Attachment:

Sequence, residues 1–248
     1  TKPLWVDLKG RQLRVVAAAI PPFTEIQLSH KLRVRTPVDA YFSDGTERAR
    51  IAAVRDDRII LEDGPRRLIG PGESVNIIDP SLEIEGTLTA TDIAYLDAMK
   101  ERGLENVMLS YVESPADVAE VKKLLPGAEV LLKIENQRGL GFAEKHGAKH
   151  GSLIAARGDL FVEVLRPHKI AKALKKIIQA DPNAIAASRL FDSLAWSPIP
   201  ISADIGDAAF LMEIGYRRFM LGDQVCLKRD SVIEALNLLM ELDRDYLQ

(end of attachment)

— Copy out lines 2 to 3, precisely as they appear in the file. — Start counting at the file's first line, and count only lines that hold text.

     1  TKPLWVDLKG RQLRVVAAAI PPFTEIQLSH KLRVRTPVDA YFSDGTERAR
    51  IAAVRDDRII LEDGPRRLIG PGESVNIIDP SLEIEGTLTA TDIAYLDAMK